Is there a difference in meaning or usage between "desolate" and "deserted" (used to describe a place)?

  • A question like "What is the difference between this and that?" can be markedly improved if you first look up the words in a few dictionaries, and then include some of the definitions you found in your question. That way, instead of starting from the beginning and telling you something you already know, we can better understand what you want to learn, and answer that more directly. You are welcome to do that here and we can reopen this question. See our Details, Please... meta post for more helpful tips.
    – J.R.
    May 3, 2019 at 21:45

2 Answers 2


Desolate refers to a general emptiness.

(of a place) uninhabited and giving an impression of bleak emptiness. Oxford Dictionary

Deserted implies that the place had people (or animals, etc.) occupying it at some point but has since been abandoned.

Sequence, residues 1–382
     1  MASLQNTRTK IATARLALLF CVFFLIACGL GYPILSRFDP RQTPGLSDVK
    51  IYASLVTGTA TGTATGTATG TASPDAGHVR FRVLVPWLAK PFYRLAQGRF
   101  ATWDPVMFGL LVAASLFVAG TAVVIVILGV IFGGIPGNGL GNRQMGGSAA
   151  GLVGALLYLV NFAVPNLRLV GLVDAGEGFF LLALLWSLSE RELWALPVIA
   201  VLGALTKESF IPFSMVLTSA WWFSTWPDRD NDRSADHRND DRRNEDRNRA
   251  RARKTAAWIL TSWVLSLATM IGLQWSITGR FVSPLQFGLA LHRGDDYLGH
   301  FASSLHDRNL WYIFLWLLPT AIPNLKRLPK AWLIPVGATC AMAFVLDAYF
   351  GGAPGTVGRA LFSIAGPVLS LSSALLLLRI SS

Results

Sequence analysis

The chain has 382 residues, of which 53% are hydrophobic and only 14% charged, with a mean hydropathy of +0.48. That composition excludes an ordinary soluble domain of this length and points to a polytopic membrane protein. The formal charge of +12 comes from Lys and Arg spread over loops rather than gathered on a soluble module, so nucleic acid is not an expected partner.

(of a place) empty of people. Oxford Dictionary

Used in a sentence together:

This city was once surrounded by farm fields, but a plague killed the crops. The people left the city and left it deserted. Now, with ruined silhouettes and a wasteland where nothing grows around it, the area looks desolate.


It's a good idea to check English-language dictionaries when uncertain about the nuance between two words, as these might give more detail that doesn't show up in a translation dictionary:

deserted (adj) : (of a place) empty of people.

desolate (adj): 1. (of a place) uninhabited and giving an impression of bleak emptiness.

"Deserted" is normally used as a neutral term. A barren wasteland can be deserted, but so can a beautiful tropical beach.

"Desolate", on the other hand, always has negative connotations of both "without people" and "invoking feelings of hopelessness". If an author describes a desolate landscape, it implies that there is little there to support life, and little reason for people to want to be there.

Not the answer you're looking for? Browse other questions tagged .